Reps. Kinzinger, Sherill Lead Bipartisan Letter in Support of E-Labeling Prescription Drugs
Last week, Representatives Adam Kinzinger (IL-16) and Mikie Sherrill (NJ-11) sent a bipartisan letter urging the House Appropriations Committee not include any language in the FY2022 appropriations bill that would prohibit the FDA from allowing pharmaceutical prescribing information (PI) to be delivered in digital form instead of paper essential to saving rural hospitals and preserving their role as lifelines in rural communities across Illinois.
WASHINGTON, DC – Last week, Representatives Adam Kinzinger (IL-16) and Mikie Sherrill (NJ-11) sent a bipartisan letter along with 18 colleagues to the leadership of the House Committee on Appropriations and House Appropriations Subcommittee on Agriculture, Rural Development, and Food and Drug Administration to urge the Committee to not include any language in the FY2022 appropriations bill that would prohibit the U.S. Food and Drug Administration (FDA) from allowing pharmaceutical prescribing information (PI) to be delivered in digital form instead of paper.
“Today, the interaction between healthcare providers, pharmacists, and patients has benefitted from modernization and the transition to a digital interface. This includes the widespread adoption of electronic health records and the utilization of electronic prescribing. Providers are already very familiar with electronic labeling information,” said the lawmakers. “Common sense modernization of the PI requirements will not only avoid a negative impact to patients but may actually improve patient care by allowing labeling updates to be shared more readily than updates made in paper form would permit. FDA’s PI modernization proposal was prudent in 2014 and should be self-evident in 2021.”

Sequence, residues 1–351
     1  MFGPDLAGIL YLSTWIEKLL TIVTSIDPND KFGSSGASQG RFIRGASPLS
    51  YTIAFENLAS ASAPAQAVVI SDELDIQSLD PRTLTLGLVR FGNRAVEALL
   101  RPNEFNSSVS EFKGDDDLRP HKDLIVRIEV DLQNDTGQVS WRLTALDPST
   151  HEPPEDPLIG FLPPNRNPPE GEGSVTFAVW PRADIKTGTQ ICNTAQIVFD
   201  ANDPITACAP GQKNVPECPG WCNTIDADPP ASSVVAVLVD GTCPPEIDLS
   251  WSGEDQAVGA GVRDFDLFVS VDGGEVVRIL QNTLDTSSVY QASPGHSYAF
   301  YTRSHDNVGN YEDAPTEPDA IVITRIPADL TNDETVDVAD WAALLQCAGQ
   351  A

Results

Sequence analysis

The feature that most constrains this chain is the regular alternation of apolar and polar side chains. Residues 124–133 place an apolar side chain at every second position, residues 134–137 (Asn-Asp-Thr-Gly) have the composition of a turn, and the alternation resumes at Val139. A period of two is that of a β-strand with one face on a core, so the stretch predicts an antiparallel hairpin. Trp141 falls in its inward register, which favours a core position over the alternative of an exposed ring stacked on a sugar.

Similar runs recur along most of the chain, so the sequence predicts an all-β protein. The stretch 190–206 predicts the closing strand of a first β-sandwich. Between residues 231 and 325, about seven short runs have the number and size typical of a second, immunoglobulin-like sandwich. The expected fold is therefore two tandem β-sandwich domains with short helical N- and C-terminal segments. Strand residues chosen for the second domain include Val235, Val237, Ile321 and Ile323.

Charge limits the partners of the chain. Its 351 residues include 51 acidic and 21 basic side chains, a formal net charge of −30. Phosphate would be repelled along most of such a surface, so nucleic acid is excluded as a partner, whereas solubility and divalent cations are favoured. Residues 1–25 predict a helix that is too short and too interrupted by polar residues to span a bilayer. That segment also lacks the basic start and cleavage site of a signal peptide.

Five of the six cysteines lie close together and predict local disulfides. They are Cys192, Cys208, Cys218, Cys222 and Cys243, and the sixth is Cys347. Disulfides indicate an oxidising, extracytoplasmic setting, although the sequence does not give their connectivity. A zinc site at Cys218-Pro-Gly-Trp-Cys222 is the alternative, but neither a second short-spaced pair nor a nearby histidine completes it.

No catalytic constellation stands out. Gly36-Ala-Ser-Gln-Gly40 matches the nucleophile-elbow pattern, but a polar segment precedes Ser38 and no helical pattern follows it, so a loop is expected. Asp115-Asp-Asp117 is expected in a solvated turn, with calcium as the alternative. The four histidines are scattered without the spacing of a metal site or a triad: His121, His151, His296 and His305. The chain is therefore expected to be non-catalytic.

In the letter, the lawmakers highlight the current potential for the digital sharing of medical information among providers and how this change would give prescribers easy access to the most up-to-date product information available. Nothing in this FDA proposed rule would alter the material that a patient receives with a prescription.
The proposed rule would also have a long-lasting positive impact on the environment. The FDA estimates as many as three billion Prescription Inserts are produced annually, ranging from a few pages to as many as 45 pages. If the average length of an insert is 30 pages, that would mean 90 billion pieces of paper. Eliminating paper Prescription Inserts can lead to smaller shipping packages, minimizing greenhouse gas emissions, reducing waste, and have a beneficial environmental impact – saving approximately 4.8 million trees annually.
The full text of the bipartisan letter can be found below: